August 10, 2022 – The family are due to be deported and have a flight booked at 10.20pm from Adelaide back to the UK, but they have no idea where they will live or work. After local MP Frank Pangallo puts them in touch with a new immigration lawyer, they’re persuaded to stay and fight at 3.30pm. At 7pm, just as they should have been checking in for their flight, they get a call from South Australian Premier Peter Malinauskas telling them they’ve been given a reprieve. He persuaded Labor immigration minister Andrew Giles to give them an extra month to file their paperwork to stay in the country.
August 22, 2022 – The family are given 24 hours to fill in some 240 pages of visa paperwork.
August 29, 2022 – The minister wants the finalised full file on the family’s visa application to make his decision.
Why a hardworking family is being DEPORTED after paying taxes in Australia for more than 10 years – and they need your help to stay
This story about the harrowing plight of the Green family was published by Daily Mail Australia on August 10.
Mark Green was headhunted for his specialist solar installation skills in 2012 and flown to Australia with his wife Kelly, 45, and daughter Rebecca, 19.
He moved to his new home with the promise of their permanent residency being sponsored by the company flying him in.
But every time he’s been eligible, the employers have folded before the paperwork could be completed – and it’s now happened seven times to the devastated family.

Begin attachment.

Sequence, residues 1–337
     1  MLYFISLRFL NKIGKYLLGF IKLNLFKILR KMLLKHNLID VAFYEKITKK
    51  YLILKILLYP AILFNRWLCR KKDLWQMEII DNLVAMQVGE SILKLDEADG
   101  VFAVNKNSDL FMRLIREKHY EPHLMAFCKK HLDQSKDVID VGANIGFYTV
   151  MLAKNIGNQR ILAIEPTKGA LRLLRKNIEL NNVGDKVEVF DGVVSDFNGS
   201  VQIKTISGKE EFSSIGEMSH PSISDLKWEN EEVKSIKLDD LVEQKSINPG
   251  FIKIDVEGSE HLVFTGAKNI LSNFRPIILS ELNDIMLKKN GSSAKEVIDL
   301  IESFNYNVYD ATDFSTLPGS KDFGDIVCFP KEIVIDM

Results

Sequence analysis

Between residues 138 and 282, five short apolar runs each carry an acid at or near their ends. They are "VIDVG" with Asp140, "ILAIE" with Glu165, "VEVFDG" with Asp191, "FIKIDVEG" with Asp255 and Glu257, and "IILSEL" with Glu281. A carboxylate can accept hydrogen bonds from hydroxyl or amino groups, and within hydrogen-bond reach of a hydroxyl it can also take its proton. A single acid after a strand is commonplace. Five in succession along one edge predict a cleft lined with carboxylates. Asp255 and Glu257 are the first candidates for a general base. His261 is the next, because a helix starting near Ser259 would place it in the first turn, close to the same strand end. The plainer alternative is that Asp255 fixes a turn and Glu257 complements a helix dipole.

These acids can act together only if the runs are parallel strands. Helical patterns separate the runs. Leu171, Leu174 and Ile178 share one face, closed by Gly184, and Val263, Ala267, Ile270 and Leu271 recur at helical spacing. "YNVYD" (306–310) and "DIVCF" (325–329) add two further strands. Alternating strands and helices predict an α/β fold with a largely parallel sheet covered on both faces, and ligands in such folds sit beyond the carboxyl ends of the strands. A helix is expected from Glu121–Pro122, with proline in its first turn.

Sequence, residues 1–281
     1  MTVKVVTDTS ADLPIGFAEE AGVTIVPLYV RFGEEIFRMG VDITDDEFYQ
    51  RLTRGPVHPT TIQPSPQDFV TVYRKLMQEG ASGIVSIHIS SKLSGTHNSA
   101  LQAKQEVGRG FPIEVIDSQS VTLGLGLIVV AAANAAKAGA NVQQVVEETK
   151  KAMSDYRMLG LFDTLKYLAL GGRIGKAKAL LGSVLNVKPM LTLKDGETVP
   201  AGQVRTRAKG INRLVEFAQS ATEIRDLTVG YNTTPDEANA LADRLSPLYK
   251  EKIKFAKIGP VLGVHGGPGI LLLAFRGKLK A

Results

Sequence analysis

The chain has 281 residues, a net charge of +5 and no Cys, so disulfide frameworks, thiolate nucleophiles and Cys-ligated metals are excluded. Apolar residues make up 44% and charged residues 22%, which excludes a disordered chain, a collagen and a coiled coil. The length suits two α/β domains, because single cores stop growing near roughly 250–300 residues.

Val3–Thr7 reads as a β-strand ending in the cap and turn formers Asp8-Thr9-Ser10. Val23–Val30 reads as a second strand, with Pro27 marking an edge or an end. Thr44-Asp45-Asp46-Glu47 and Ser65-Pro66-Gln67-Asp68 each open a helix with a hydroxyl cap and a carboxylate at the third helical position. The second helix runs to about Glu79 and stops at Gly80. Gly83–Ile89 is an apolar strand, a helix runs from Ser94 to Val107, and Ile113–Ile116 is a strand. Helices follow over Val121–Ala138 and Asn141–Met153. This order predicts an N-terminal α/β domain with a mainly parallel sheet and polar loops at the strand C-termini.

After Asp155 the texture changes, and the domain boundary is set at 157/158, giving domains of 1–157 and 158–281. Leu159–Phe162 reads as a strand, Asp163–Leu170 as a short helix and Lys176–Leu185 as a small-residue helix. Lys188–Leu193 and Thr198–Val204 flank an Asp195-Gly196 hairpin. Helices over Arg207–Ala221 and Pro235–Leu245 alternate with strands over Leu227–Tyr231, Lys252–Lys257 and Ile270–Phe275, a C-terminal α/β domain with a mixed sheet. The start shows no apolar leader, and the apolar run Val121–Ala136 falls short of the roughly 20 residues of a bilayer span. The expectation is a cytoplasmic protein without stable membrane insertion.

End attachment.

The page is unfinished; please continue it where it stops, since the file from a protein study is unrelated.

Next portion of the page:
‘I don’t want to go home. I don’t. I really don’t…’ mother-of-two Kelly sobbed in their empty Adelaide home after they sold off everything ahead of the family’s forced exit.
Relocating to the UK is set to cost $60,000 – and will force them to leave behind beloved pet dog Maisie because of the prohibitive $35,000 cost of flights and quarantine fees.
The Greens have already spent more than $150,000 on immigration lawyers and visa and residency applications but must leave the country before they can apply again.
‘We sold it all to come out here and then we started again,’ Mr Green told Daily Mail Australia.
‘And now we’re having to sell it all, to go back to Scotland, to try and apply to come back again, to restart again. For the third time.
‘I’m nearly 50. We can’t go through is anymore. There’s nothing for us back in Scotland now.’
He added: ‘This is where I live. This is where my heart is. It’ll never change. Even if I go back to Scotland, here is where I will class as home.’
The family have been on a sponsored work visa since arriving which has meant they need to pay for everything Australians take for granted, on top of paying their taxes.
They were denied access to Medicare or free public state schooling for daughter Rebecca, which costs them $8,000 a year – but they say they paid without complaint.
Electrical expert Mark Green, 44, was headhunted for his specialist solar installation skills in 2012 and flown out to Australia with his wife Kelly, 45, and daughter Rebecca, 19
‘It was the best day of our lives coming here. The best day ever,’ said Kelly, 45, originally from Kilbirnie, 40km south-west of Glasgow.
They want to stay in Australia permanently but currently just need their bridging visa changed from an E-type to a C-type to allow them to apply to stay without leaving.
The family has been undone by firms sponsoring Mark as an employee and starting a three year route to residency, but going bust before the process is complete.
‘The company went into liquidation and which means I have to start again, all three years, all over again,’ said Mr Green, originally from Prestwick, Ayrshire.